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“I make mention of you always in my prayers, making a request if, by some means … I may find a way in the will of God to come to you” Romans 1:9-10 As we draw closer to the return of the Lord, it has become imperative for us to help find ways to encourage and strengthen one another. I hope that our blog would not only create more opportunities for us to interact as a family but also give us a chance to share our personal struggles with a view to finding the love, counsel, prayer and the faith of others that is able to help us to finish strong. Today, I share a word on the importance of not only discovering God’s purpose, but also on the greater need to find a way in the will of God to pursue that purpose. Known and acknowledged as being sold out to God and to His kingdom, Apostle Paul’s statement in Romans 1:9-10 reflects a cardinal attribute of his life and one which I believe allowed him to be so mightily used of God. In it he informs the church at Rome of his desire to visit but tells of his persistent prayer that God may help him to find a way to do so in His will. Given the repeated persecution, arrests and imprisonments he suffered, a visit of any sort was probably a matter sensitive enough for him to seek God’s approval. And yet his desire to visit only in God’s will was not based on caution or care for his life for though when a prophecy came warning him of the persecution and imprisonment that awaits him in Jerusalem (Acts 21:4; 10-14) he waived it stating that he was ‘ready not only to be bound, but also to die at Jerusalem for the name of the Lord Jesus’. Our knowledge of God’s will is no guarantee that we would always be mindful to do it in His way. There are examples of men who knew God’s will and yet suffered the dire consequences of their lack of commitment to finding a way to do what they knew had to be done in His will. One of such is the story of the prophet as told in I Kings 13. Another is that of Moses as told in Numbers 20:7-13.

Being mindful to do what needs to be done on issues where we really have no choice does not say much of us. But to have the liberty to do otherwise and yet concede that liberty opting rather to find the means to ensure that it is done in God’s will is, I believe, the hallmark of a life completely devoted to God. Our devotion to handle matters in God’s way will protect us from the modern and prevalent attitude that the end justifies the means. Knowing God’s will on an issue is great. But sometimes, the will of God does appear difficult, impracticable or out rightly impossible to do. So, what do we do? Do we abandon doing God’s will because we cannot seem to figure out how it can be done? No, we hold on steadfastly committed to God’s will, but we earnestly ask the Lord to help us find a way to do so in His will. We have His promise to make a way of escape for us. For example: • We are under intense pressure and persecution to experience God’s intervention

to bring an end to our long wait for healing, employment, a life partner, the fruit of the womb, etcetera. Suddenly we learn of a place (probably called a church) where others who share similar fate as ours seem to go and instantly receive a solution to their problems. We go there in search of a testimony but strongly perceive or observe certain practices that do not align with the Word of God. Do we put aside our perceptions or observations or do we earnestly pray for God’s grace to help us discern if finding a solution there is in His will or not? • We are in ministry and find that somewhere along the line we seem to have lost the intimacy and worship that once were the hallmarks of our walk with God. We discover that we are able to go from year to year on a combination of human wisdom, charisma, human intelligence and experience, human and financial support – these all seem to be able to produce a work that outwardly show all the signs of success. Do we continue or do we stop and earnestly cry to God to help us to find a way to do His work in His will? • After a long wait for a life partner, one emerges within the body that appears to love God as much as we do. The physical chemistry essential to marriage is evident and he insists on pre-marital sex as a condition for courtship. Faced with the threat of separation, do we put the need for abstinence aside and make light of the need for it or do we separate ourselves to ask God for help to find a way to carry on in courtship in His will? • While it is essential for us as Christians to test every spirit and ensure that those to whom we have yielded ourselves to (as spiritual covering) are genuinely God’s, nevertheless we must ask God for help to find a way, in His will, to access the authenticity of their walk with God. We must flee the temptation to slander or speak evil of things we know little or nothing about. We must not allow self-will and the physical and or financial ability to execute a task without the need to revert to God to lure us into believing that we are capable, outside of His help, to know how His will is best served. Proverbs 3:5-6 admonishes us to not lean on our own understanding, but in all our ways to acknowledge Him and thus shall He direct our paths. See also Proverb 14:12. May God, in whom we live, move and have our being grant us the grace to always find a way to do His will in His way.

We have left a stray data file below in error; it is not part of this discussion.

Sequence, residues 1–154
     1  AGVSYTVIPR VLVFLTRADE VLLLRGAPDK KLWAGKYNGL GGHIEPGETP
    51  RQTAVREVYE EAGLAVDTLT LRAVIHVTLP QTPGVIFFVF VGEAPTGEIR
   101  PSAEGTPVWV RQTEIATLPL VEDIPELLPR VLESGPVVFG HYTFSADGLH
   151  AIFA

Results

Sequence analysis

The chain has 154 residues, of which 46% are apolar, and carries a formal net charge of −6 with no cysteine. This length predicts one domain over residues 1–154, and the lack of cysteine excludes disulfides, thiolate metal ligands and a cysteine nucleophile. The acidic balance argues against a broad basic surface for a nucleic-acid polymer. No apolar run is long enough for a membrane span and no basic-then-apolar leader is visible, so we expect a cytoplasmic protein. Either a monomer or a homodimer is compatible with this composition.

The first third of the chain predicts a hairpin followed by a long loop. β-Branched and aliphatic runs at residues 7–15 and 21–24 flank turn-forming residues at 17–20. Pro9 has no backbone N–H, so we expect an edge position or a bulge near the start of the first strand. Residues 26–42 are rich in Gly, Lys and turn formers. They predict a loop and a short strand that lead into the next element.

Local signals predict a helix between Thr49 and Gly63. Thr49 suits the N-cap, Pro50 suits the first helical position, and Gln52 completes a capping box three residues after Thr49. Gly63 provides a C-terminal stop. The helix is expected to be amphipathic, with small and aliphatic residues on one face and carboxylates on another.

Shalom! Chi Onwuchekwa

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